Similar to 2020, Asia remained the top destination for U.S. LNG exports from January through May in 2021, accounting for 46% of the total. Asia was followed by Europe, which had a five-month average share of 37%. Exports to Latin America also increased, particularly to Brazil, which is experiencing its worst drought in more than 90 years.

In June, U.S. LNG exports declined slightly, mainly as a result of maintenance on several pipelines that deliver natural gas to U.S. LNG export facilities. Yet, we expect LNG exports to remain at high levels in the remaining months of this year in our Short-Term Energy Outlook.

Principal contributor: Victoria Zaretskaya

Source: Graph by the U.S. Energy Information Administration (EIA), based on data from the U.S. Department of Energy’s LNG Monthly, EIA’s estimates for June 2021, and EIA’s Liquefaction Capacity Table

LNG prices in Europe and Asia are now actually on par with Brent crude oil…

Source: Graph by the U.S. Energy Information Administration, based on data from Bloomberg Finance, L.P.

The export market is diverse and growing…

Source: Graph by the U.S. Energy Information Administration, based on data from the U.S. Department of Energy’s LNG Monthly reports

Frac on!

In other bad news for SJW’s, CJW’s & Frac’tards

Jul 25, 2021
Carbon-Neutral LNG: Another Reason Why Natural Gas Could Win ‘The Energy Transition’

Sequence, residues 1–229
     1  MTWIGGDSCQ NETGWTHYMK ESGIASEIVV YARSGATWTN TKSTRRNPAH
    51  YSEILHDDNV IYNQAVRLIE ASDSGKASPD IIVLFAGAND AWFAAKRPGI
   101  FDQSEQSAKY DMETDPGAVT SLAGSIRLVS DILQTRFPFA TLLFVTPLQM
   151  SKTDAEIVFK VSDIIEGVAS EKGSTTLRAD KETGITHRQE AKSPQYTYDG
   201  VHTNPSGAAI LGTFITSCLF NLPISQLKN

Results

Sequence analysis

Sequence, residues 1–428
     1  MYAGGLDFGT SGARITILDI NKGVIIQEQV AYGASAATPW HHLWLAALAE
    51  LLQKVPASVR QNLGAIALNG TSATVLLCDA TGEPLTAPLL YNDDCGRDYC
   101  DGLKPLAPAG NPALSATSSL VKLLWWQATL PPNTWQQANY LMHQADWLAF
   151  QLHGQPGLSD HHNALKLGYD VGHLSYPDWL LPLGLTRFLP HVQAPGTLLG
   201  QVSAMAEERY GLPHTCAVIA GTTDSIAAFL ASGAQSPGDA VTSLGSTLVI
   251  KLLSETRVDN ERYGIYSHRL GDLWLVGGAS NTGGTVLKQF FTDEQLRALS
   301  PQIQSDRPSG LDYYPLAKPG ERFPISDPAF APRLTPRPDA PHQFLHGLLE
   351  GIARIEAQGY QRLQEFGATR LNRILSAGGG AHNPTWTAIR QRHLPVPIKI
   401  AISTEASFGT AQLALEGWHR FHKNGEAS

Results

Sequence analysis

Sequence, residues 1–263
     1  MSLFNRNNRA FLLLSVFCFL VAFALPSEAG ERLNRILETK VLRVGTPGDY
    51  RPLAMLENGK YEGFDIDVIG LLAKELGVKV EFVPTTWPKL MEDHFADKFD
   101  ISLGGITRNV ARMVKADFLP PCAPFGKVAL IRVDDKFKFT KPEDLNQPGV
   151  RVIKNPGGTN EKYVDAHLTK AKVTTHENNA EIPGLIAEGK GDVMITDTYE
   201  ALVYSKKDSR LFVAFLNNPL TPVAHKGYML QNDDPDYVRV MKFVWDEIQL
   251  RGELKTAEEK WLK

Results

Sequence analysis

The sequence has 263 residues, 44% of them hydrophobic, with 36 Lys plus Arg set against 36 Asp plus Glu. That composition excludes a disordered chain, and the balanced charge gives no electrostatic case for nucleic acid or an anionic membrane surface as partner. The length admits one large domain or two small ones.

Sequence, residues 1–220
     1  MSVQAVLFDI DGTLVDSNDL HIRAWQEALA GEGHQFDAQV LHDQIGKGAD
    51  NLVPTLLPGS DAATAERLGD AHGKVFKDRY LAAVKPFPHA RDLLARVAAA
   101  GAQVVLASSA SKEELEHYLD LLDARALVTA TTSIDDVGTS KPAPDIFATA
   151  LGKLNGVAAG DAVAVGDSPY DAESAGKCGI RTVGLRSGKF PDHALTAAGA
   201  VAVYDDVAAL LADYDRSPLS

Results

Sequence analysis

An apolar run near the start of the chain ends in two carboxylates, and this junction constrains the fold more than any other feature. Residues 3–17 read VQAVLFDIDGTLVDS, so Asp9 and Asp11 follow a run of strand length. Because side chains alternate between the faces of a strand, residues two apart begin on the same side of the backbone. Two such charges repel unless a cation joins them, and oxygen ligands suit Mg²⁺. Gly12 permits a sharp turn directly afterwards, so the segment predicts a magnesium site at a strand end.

Jude Clemente
I cover oil, gas, power, LNG markets, linking to human development.

Demand For Natural Gas Can Only Grow

Now at 375 Bcf/d, the reality of the world’s energy situation is that natural gas demand is set to grow substantially in the years ahead.

Any serious low-carbon outlook has gas as a foundational resource. Experts at McKinsey model “resilient” gas demand through 2050, even in an accelerated transition scenario to meet climate change goals.

The world is simply too poor, too fast-growing, and too energy-starved for this not to be true: more practically, the U.S. Department of Energy forecasts a 40-45% jump in global gas consumption. The International Energy Agency’s (IEA) new climate road map assumes that energy demand will be 8% lower in 2050 than today but serve an economy twice as big and a population with over 2 billion more people.


The Growth In Carbon-Neutral LNG

Nowhere is this constant evolution of the gas industry more evident than in the sale of liquefied natural gas via cargo ship (LNG), the key to the industry’s global future. In fact, net-zero companies like Shell and BP have been planning to double their LNG portfolios to meet climate targets.

Started over the past two years, there have been around 15 carbon-neutral LNG cargoes, “creating a framework for real emissions reductions,” per experts at Columbia University. Tighter restrictions on GHGs will bring even more carbon-neutral LNG. The carbon-neutral LNG market is on track to quadruple this year, with even China recently getting in on the act.